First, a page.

But frankly this stuff makes me smile. I didn’t think my life was in danger, and I felt pretty confident in everything I was doing. And these make really cool stories. So while you might read this and think, oh my gosh, how could you do that, weren’t you scared? No, not really.

But this is sort of the stuff I chose the CDT for. This isn’t for everybody. I’m no special mountaineer expert or anything like that, but I am somebody who thinks about safety and how to react to certain situations and who plans out what would happen in scenarios.

I’m also okay if it doesn’t happen again, but if it did, I’d be ready.

Day 62 July 1st With Weather like this who Needs Winter

This morning did not fel like July. I camped on the other side of Berrthoud Pass, and that is a starting point for a lot of day hikers. And by 9:00 a.m. the wind was blowing really hard. I was completely bundled up in my beanie, rain jacket, rain pants, and gloves. The wind was ferocious.

Props to the day hikers who brought all the right gear, but you definitely saw some in shorts and maybe a sweatshirt. They had to be feeling it. Just in time for the wind to let up on the other side of the mountain, the terrain turned to large lava rocks mixed with patches of grass. It’s not my least favorite surface to walk on, but it’s high on that list. That made for a slow-going morning.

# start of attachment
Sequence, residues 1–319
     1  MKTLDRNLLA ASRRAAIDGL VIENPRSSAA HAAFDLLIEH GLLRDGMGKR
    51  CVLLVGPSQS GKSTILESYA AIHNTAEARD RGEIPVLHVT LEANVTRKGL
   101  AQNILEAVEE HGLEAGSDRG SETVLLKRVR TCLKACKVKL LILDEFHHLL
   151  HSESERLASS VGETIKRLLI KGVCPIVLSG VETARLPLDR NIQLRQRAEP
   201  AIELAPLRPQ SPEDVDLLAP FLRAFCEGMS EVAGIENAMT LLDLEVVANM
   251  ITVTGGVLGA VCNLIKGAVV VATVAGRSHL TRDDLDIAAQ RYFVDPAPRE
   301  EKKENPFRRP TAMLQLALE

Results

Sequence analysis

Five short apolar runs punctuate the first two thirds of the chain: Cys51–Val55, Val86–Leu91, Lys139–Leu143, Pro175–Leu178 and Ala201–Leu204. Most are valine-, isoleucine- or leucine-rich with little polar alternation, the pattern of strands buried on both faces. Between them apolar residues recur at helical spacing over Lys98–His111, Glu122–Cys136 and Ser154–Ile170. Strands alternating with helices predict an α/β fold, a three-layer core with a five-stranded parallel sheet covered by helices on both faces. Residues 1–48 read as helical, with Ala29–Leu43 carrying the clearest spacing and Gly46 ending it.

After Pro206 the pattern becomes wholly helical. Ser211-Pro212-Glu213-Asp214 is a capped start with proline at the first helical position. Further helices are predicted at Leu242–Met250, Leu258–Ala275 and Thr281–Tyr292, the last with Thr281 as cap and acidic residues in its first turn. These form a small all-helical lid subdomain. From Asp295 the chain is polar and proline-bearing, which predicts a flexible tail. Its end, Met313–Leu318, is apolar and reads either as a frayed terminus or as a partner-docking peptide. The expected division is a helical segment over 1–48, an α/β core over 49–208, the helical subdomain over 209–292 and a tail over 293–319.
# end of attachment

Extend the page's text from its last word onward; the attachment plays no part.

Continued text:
The Rocky Mountains are absolutely Rocky. I’m getting the impression that my days are going to be filled with multiple climbs and multiple descents. Maybe throw in a ridge walk or two. But I’m like New Mexico nothing will be easy.

Set up camp a little bit early because I was going to make another ascent, but I saw some weather coming and thought it would be best to just pitch my tent there versus tried to fight the weather and then find a camping spot on the downside.

It made for a shorter day, but the trail isn’t going anywhere.

Day 62 July 2nd I’m much better at Lower Elevation

Last night was the second worst night of camping I’ve had. Not since just North China, where I slept on a teeny patch of grass in the middle of a snowfield was I this uncomfortable. Because I kind of got caught between where I was going and where I was coming from the weather I ended up quickly finding a spot to camp. It wasn’t the most level ground and ended up being really exposed to the wind. And it was super windy. The rattling of the tent kept me up a good portion of the night. I ended up turning off my alarm clock and just seeing how it went.

Wasn’t terrible, I was on the trail by 6:30. I knew I needed to put in some work because the last couple of days the miles have been pretty slow, and I needed to get to the post office in Grand Lake before it closed on Monday, since Tuesday is a holiday. I can barely be bothered with days of the week, so keeping track of federal holidays on the trail has been difficult.